December 14, 1944
Puerto Princesa Prison Camp, Palawan, Philippines
All about them, their work lay in ruins. Their raison d'etre, the task their commandant had said would take them three months but had taken nearly three years. A thousand naked days of clearing, lifting, leveling, wheelbarrowing, hacking. Thirty-odd months in close heavy heat smashing rocks into smaller rocks, and smaller rocks into pebbles, hammering sad hunks of brain coral into bone-white flour with which to make concrete. Ripping out the black humus floor of the jungle, felling the gnarled beasts of mahogany or narra or kamagong that happened to be in the way. Above the bay, in a malarial forest skittering with monkeys and monitor lizards, they had built an airstrip where none should be, and now they were happy to see it in ruins, cratered by bombs.
One hundred and fifty slaves stood on a tarmac 2,200 meters long and 210 meters wide, straining with shovels and pickaxes and rakes. Ever since the air raids started two months earlier, Lieutenant Sato, the one they called "the Buzzard," had ordered them out each morning to fill the bomb pits, to make the runway usable again. This morning had been no different. The men had risen at dawn and eaten a breakfast of weevily rice, then climbed aboard the trucks for the short ride to the airstrip. As usual, they worked all morning and took a break for lunch around noon. But now the Buzzard said no lunch would be served on the strip, that instead the food would be prepared back at the barracks. The men were puzzled, because they'd never eaten lunch at their barracks before, not on a workday. It didn't make sense to drive back now, for they still had considerable repair work to do. Sato offered no explanation.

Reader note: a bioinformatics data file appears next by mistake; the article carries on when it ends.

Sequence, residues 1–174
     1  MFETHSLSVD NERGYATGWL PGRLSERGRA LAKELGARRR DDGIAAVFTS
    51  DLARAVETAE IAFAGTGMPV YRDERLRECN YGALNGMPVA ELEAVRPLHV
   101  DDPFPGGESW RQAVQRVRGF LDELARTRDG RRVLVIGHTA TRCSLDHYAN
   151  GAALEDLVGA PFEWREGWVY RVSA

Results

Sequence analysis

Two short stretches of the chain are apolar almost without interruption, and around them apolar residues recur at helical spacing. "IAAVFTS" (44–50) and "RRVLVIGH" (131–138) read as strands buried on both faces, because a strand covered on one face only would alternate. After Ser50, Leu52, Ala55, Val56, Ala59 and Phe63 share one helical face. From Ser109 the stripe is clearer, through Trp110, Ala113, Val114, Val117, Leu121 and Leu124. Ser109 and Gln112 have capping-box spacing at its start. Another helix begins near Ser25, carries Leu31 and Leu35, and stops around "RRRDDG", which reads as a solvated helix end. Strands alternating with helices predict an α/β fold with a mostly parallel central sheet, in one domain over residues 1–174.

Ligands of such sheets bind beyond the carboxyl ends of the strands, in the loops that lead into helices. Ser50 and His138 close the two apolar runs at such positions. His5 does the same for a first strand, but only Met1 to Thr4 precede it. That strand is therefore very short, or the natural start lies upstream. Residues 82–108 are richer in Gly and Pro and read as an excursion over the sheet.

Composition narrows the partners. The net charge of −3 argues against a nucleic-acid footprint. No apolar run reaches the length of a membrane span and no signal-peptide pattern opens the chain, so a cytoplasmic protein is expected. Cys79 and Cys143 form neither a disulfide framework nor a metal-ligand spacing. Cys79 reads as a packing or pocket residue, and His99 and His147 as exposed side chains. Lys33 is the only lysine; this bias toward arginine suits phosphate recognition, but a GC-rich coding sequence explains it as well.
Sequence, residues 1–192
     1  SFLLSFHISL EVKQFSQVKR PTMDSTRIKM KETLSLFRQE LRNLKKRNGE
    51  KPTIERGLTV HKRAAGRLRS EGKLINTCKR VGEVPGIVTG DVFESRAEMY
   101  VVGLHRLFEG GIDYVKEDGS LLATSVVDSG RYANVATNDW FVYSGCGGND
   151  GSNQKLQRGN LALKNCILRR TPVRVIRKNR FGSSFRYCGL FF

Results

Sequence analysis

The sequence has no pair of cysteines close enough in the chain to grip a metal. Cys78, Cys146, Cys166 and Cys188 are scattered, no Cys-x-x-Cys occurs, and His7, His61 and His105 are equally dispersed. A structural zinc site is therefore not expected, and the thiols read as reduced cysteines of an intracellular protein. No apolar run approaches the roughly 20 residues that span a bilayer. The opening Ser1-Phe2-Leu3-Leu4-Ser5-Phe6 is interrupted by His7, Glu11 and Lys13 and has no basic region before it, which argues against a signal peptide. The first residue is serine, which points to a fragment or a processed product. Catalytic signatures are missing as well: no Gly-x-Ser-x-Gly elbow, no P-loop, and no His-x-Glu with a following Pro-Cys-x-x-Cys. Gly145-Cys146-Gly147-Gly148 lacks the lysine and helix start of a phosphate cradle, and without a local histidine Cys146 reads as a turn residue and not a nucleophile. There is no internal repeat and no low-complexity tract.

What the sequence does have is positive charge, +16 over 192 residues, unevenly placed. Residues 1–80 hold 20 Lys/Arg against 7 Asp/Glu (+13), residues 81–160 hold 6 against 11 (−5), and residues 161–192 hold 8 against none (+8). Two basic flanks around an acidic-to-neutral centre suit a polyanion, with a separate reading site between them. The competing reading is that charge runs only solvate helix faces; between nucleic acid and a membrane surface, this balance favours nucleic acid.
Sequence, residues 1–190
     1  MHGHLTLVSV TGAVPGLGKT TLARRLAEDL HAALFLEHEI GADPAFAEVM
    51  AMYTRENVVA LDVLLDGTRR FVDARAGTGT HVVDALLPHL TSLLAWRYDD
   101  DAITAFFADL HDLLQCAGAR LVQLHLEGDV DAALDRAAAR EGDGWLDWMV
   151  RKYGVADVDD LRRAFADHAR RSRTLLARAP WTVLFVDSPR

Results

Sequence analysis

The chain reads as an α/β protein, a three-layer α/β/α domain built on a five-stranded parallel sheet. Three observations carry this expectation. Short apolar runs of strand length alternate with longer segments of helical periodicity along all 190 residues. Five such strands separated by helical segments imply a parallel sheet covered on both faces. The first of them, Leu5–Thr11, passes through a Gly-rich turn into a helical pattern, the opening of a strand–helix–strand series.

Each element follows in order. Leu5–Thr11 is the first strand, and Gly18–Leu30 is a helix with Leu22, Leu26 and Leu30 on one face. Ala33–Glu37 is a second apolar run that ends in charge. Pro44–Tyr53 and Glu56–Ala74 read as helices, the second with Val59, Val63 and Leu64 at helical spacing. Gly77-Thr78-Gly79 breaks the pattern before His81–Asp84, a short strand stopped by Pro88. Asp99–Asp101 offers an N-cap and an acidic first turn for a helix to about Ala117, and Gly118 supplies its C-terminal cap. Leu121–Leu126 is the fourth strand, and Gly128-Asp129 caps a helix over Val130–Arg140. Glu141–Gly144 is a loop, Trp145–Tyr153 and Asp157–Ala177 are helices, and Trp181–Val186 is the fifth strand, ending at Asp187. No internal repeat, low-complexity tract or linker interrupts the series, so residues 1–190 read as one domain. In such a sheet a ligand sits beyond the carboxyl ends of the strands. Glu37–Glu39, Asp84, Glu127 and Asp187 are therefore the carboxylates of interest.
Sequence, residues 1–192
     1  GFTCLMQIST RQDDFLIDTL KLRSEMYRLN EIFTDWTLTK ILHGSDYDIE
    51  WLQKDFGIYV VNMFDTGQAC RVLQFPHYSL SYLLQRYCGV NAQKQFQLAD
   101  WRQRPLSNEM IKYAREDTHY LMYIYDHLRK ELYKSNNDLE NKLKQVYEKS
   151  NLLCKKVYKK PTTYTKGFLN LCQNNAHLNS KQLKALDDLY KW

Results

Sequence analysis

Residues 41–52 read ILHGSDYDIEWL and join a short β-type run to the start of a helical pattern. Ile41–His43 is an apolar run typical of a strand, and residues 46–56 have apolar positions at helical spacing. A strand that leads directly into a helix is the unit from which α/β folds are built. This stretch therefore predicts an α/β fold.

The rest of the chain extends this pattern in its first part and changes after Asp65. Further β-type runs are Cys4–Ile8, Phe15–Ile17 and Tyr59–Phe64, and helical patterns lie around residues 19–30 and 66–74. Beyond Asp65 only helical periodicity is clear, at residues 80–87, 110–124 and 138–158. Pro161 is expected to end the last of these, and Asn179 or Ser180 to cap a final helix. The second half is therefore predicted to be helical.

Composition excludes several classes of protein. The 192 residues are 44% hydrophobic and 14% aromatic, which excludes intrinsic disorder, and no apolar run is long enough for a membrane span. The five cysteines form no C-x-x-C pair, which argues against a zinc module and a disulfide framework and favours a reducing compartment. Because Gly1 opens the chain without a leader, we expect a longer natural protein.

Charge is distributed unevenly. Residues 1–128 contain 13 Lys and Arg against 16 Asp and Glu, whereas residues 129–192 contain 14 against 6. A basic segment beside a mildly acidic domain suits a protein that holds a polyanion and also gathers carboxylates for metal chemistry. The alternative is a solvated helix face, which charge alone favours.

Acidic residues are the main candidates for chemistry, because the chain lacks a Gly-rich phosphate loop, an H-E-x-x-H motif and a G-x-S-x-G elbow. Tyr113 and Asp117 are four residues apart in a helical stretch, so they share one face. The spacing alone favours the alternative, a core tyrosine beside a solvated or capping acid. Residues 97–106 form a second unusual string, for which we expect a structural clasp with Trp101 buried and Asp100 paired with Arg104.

The prisoners crawled into their trucks again and took the bumpy serpentine road back to the prison. In the meager shade of spindly coconut palms, they ate their lunches squatting beside their quarters in an open-air stockade that was secured with two barbed-wire fences. The entire compound was built at the edge of a cliff that dropped fifty ragged feet to a coral beach splashed by the warm blue waters of Puerto Princesa Bay.
Around 1 p.m. the air-raid alarm sounded. It was nothing more than a soldier pounding on an old Catholic church bell splotched with verdigris. The men looked up and saw two American fighters, P-38s, streaking across the sky, but the planes were moving away from the island and were too high to pose a danger. Having become discriminating appraisers of aerial threat, the prisoners ignored the signal and resumed their lunches.
A few minutes later a second air-raid alarm sounded. The men consulted the skies and this time saw an American bomber flying far in the distance. They didn't take the alarm seriously and kept on eating. Presently a third air-raid alarm sounded, and this time Sato and a few of his men marched into the compound with sabers drawn and rifles fixed with bayonets. Sato insisted that everyone heed the signal and descend into the air-raid hovels. "They're coming!" he shrieked. "Planes—hundreds of planes!"